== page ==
In this contribution, we focus our attention on the study of Christoffel transformations (Darboux transformations in the language of integrable systems [77], or Lévy

transfor-mations in the language of differential geometry [49]) for matrix sesquilinear forms.
More precisely, given a matrix of measures*μ(x)*and a matrix polynomial*W(x)*we are
going to deal with the following matrix sesquilinear forms

*P(x)*,*Q(x)W* =

*P(x)W(x)*d*μ(x)(Q(x))*. (1)

We will ﬁrst focus our attention on the existence of matrix bi-orthogonal polynomials
with respect to the sesquilinear form·,·*W* under some assumptions about the matrix

polynomial*W*. Once this is done, the next step will be to ﬁnd an explicit representation

of such bi-orthogonal polynomials in terms of the matrix orthogonal polynomials with
respect to the matrix of measures d*μ(x)*. We start with what we call connection formulas

in Proposition18.

One of the main achievements of this paper is Theorem2where we extend the Christoffel formula to MOPRL with a perturbation given by an arbitrary degree monic

matrix polynomial. For that aim we use the rich spectral theory available today for these type of polynomials, in particular tools like root polynomials and Jordan chains

will be extremely useful, see [76, 88]. Following [27, 59, 60] some applications to the analysis of matrix orthogonal polynomials which are eigenfunctions of second-order linear differential operators and related to polynomial perturbations of diagonal matrix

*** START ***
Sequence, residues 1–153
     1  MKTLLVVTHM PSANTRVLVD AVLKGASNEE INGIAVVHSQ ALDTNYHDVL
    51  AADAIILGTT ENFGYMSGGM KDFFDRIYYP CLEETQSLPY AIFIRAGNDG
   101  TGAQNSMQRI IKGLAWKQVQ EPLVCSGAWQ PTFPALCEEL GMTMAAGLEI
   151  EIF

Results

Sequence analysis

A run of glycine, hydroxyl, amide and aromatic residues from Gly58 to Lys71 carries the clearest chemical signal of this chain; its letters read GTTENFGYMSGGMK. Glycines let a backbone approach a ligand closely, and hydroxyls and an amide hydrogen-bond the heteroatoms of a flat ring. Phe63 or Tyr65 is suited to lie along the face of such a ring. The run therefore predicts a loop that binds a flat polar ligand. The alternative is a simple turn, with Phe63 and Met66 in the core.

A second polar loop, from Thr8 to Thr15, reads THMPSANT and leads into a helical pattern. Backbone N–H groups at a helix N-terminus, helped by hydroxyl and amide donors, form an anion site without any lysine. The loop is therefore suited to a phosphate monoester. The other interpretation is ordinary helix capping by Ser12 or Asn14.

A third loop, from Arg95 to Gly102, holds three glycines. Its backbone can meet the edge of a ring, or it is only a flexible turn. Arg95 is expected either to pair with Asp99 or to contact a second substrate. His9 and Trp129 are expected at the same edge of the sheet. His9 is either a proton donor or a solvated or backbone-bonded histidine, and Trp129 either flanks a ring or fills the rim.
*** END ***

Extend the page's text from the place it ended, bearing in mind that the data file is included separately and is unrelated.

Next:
of measures d*μ(x)*leading to sesquilinear forms as·,·*W* will be considered.

Next, to have a better understanding of the singular leading coefﬁcient case we

concentrate on the study of some cases which generalize important examples given by Alberto Grünbaum and Antonio Durán in [45,46], in relation again with second-order linear differential operators.

Finally, we see that these Christoffel transformations extend to more general scenarios in Integrable Systems Theory. In these cases we ﬁnd the non-Abelian Toda hierarchy which is relevant in string theory. In general, we have lost the block Hankel

condition, and we do not have anymore a matrix of measures but only a sesquilinear

by guest on May 30, 2016

http://imrn.oxfordjournals.org/

form. We show that Theorem2also holds in this general situation. At this point we must stress that for the non-Abelian Toda equation we can ﬁnd Darboux transformations (or

Christoffel transformations) in [90], see also [84], which contemplate only what it are called elementary transformations and their iteration. Evidently, their constructions

do not cover by far what Theorem2does. There are many matrix polynomials that do not factor in terms of linear matrix polynomials and, therefore, they cannot be studied by means of the results in [84,90]. We have been fortunate to have at our disposal the

spectral theory of [76,88] that at the moment of the publication of [90] was not so well known and under construction.

The layout of the paper is as follows. We continue this introduction with two

subsections that give the necessary background material regarding the spectral theory of matrix polynomials and also of matrix orthogonal polynomials. Then, in Section 2,

we give the connection formulas for bi-orthogonal polynomials and for the Christoffel— Darboux (CD) kernel, being this last result relevant to ﬁnd the dual polynomials in the family of bi-orthogonal polynomials. We continue in Section 3 discussing the